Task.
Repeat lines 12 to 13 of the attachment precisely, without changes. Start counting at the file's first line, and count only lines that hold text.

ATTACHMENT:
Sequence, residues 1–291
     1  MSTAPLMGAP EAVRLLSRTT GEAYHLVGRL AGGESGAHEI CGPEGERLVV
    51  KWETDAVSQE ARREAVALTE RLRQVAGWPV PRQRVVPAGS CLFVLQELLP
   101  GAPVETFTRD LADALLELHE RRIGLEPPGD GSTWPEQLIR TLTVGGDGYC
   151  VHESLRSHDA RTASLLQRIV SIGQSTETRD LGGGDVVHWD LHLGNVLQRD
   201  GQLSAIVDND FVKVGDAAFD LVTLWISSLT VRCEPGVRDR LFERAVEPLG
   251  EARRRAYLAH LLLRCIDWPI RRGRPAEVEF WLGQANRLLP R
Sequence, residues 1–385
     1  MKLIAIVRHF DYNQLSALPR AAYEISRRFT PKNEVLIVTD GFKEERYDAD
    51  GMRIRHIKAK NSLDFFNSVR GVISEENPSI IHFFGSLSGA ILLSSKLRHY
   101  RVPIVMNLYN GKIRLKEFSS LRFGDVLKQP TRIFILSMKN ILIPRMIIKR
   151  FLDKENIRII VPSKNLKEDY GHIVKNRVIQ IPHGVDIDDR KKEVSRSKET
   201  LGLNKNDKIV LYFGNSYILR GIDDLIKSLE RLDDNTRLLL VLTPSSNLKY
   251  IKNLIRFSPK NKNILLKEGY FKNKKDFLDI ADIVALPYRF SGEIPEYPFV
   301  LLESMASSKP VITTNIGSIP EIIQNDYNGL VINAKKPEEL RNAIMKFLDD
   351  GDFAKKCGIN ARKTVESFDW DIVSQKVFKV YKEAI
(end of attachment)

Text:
   151  FLDKENIRII VPSKNLKEDY GHIVKNRVIQ IPHGVDIDDR KKEVSRSKET
   201  LGLNKNDKIV LYFGNSYILR GIDDLIKSLE RLDDNTRLLL VLTPSSNLKY